The strategy that this adds to the game is wonderful. Now players have yet another reason to finish off other player’s features, as they get to place paratrooper meeples in the city. One must be careful when building a large city or road, because another player might come along and share in the points - or even take them all for themselves. This really makes the “Geeples” (giant meeples) even more potent. As paratroopers, they are extremely dangerous and effective. Fortunately, players can stop this by making sure that the Count is in the right section of the city, tying up the meeples who are most dangerous to them.
As you can see, this expansion adds a lot of confrontation to the game. Since the game was fairly mild to begin with, I don’t mind this at all. In a two-player game, this expansion adds a good bit of depth. In a multi-player game, the expansion adds a bit of nastiness that some people might want to avoid. I personally enjoy it, and think that - bang for the buck - this is probably the most I’ve gotten for my money from a Carcassonne expansion. However, the “attack” feeling the expansion gives may turn off some players. Whether or not to get this expansion depends on how confrontational you want Carcassonne to be.
“Real men play board games.”
This is a tiny little box containing not ne but two separate expansions. The first is for the original Carcassonne game and can be played with or without its several expansions. It includes a few new land tiles for inclusion as well as the new King and Robber tiles. These are awarded to the players who have completed the largest castle and the longest road, respectively. Should the balance of power shift before game's end, the tiles go to the current leader in each of the two categories. At game's end, the holders of these tiles get one extra point for, again respectively, the total of completed castles and roads.
With so many ways of earning points in this game, this does not seem unbalanced to me. It just gives the players a couple more things to consider when expanding. All in all, a worthy little expansion.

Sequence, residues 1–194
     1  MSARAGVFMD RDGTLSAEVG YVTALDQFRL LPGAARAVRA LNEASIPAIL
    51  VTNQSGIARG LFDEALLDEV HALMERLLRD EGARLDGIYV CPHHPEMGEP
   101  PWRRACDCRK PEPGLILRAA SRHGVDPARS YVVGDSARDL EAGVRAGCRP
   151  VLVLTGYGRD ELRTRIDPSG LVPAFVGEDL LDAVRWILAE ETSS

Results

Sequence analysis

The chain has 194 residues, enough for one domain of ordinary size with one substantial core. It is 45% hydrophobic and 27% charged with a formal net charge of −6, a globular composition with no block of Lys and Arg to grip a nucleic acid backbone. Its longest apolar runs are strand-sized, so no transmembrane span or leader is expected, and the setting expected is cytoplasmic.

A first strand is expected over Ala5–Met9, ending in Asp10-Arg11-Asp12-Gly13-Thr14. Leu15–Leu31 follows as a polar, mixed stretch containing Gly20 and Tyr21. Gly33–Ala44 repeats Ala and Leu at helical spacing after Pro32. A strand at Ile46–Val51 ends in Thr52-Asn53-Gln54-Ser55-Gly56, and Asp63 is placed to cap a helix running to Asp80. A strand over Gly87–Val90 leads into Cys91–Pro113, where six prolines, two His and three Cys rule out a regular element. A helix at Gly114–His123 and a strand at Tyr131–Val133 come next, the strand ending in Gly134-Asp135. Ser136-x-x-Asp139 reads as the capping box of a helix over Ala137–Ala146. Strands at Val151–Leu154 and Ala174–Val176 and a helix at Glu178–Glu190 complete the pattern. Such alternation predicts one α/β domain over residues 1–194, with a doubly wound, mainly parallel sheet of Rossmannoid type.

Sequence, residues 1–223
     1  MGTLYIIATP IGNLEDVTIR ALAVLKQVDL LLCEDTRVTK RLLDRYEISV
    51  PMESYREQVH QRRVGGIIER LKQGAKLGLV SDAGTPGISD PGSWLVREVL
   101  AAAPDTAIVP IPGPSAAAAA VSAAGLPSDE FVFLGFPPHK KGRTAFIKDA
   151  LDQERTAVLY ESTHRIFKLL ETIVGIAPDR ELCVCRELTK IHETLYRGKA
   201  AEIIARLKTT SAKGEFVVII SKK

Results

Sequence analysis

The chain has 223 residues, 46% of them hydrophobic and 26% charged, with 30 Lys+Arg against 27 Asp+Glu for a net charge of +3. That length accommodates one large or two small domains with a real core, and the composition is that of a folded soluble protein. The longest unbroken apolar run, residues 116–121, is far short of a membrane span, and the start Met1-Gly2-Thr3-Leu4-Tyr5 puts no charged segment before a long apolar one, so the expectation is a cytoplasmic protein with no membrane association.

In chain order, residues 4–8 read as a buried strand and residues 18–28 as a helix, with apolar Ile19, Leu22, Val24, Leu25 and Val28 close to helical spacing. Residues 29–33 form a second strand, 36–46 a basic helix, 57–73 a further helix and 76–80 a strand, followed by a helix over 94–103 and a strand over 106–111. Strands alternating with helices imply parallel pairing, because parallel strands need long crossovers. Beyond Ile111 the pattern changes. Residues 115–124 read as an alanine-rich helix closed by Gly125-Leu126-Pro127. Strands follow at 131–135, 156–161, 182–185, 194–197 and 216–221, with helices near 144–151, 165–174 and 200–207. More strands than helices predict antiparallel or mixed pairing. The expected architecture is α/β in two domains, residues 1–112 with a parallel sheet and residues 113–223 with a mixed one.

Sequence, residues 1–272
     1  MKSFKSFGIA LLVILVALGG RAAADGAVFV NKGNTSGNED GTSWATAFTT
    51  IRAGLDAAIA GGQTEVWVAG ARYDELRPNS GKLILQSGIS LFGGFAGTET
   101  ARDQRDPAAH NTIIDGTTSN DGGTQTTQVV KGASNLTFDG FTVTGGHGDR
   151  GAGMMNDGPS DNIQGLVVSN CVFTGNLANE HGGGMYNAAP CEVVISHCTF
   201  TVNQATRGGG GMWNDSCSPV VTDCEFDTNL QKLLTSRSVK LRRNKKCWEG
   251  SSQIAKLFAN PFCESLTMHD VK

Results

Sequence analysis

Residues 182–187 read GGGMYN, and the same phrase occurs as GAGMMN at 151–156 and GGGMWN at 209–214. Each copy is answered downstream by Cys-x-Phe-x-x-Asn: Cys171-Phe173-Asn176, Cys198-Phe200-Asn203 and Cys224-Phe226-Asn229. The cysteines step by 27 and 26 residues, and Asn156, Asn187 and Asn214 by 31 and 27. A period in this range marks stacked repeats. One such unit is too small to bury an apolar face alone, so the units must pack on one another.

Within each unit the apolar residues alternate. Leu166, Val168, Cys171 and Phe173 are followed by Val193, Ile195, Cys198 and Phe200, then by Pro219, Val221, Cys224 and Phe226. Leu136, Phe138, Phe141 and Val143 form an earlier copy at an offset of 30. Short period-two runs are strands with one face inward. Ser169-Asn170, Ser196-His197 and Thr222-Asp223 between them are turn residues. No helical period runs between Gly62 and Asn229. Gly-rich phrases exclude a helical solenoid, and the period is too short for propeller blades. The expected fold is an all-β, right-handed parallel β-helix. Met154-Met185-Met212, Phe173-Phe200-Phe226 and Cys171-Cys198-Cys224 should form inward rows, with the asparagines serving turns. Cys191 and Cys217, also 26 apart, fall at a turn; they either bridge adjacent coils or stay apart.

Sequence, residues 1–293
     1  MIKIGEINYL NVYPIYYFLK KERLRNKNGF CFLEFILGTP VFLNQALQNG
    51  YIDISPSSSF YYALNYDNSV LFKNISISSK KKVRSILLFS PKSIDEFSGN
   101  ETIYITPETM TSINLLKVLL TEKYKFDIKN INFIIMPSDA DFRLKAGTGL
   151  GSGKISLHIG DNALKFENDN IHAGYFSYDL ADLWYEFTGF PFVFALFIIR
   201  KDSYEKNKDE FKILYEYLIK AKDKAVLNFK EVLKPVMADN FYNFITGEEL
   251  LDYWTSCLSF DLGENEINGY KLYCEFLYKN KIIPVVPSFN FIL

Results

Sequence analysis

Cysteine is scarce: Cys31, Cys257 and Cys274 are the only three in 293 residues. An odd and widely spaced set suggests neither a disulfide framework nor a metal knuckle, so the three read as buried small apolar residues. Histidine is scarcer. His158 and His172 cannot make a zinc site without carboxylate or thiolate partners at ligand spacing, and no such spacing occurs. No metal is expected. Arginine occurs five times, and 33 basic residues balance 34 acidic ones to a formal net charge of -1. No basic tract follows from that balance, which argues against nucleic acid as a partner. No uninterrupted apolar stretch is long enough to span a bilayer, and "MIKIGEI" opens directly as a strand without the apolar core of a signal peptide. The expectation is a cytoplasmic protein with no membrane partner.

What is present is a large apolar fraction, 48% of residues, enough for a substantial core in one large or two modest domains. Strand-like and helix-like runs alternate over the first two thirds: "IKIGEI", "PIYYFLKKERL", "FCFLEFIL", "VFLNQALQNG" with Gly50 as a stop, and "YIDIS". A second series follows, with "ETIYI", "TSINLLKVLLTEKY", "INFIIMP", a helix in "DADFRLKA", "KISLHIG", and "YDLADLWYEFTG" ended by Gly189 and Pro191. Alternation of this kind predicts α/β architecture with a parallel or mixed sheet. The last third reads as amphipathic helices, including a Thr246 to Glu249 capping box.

The second set of tiles is for the Huters and Gatherers edition, and includes some special role tiles which are handed out randomly to the players before the start of the game. Thes include some fairly powerful abilities as well as a couple one-shot abilities that are placed as alnd tiles. This expansion does not seem as well considered as the King expansion, but could be used for handicapping players by giving a more powerful role tile to a new player. Not as good or elegant as the other included expansion, but still not bad at all, and one can't beat the price!
First, the Hunters and Gatherers expansion:
You get 5 new tiles: the Shaman, the Scout, Hunter on the Bridge, Dug-out, and Agriculture. Each of these tiles is dealt out randomly, one to each player, at the begining of the game. They can be used at any time during the game, instead of drawing a tile as normal.
The Shamen may be the most powerful tile. It is placed face up in front of the player and allows them to, once a turn, remove one of their tribe members from an unfinished forest, meadow, or river. Great for getting out of the unfinishable locations or an overpowered meadow. This game gives you limited resources and, so this is a big advantage.
The Scout is also arguably the most powerful tile. It allows the player to refuse the first tile they draw, opting to draw a different tile and shuffle the first one into the stack. This is useable with the bonus tiles, as well. A huge advantage.
The Hunter on the Bridge allows the players to hunter the meadows on both sides of the bridged river. This also counts as an extra man for the player placing this tile.
The Dug-out counts as a fisherman for the player placing this tile. Once the river/lake system is complete, that player scores points equal to the largest (most fish) lake in the system. The tile also counts as a fisherman at the end of the game. Essentially, this is an extra man and a double scoring opprotunity if you close your lake system.
The Agriculture tile is placed in an open meadow and counts as a man. Instead of hunting the meadow, the player counts all of the tiles in the meadow as farmland, scoring one point for each at the end of the game. Hunters can join in later and hunt this meadow, as well, with no affect on this scoring.
Now the Caraccasone expansion:
You get 5 new tiles that get mixed into the general supply. These add a little spice, similar to previous expansions.
The big additions are the King and the Robber Baron tiles. These stay on the table in front of the player with the largest city and the largest road. As a bigger city or a longer road is finished, the ownership of these tiles may change. The player who has completed the largest city or road at the end of the game gets a scoring bonus. The King gives you 1 point for each completed city on the board. The Robber Baron gives you 1 point for each completed road.
The only reason I don't give this 5 stars is that the additions can make for lop-sided games (if you complete the largest city, you alrady have a lot of points) and that the rules aren't perfectly clear. It isn't hard to figure out, but it took playing once to 'get it'. You also need both games (Carcassone and Hunters and Gatherers) to get the full use out of these tiles. We own both and all of the Carcassone expansions, so we love them.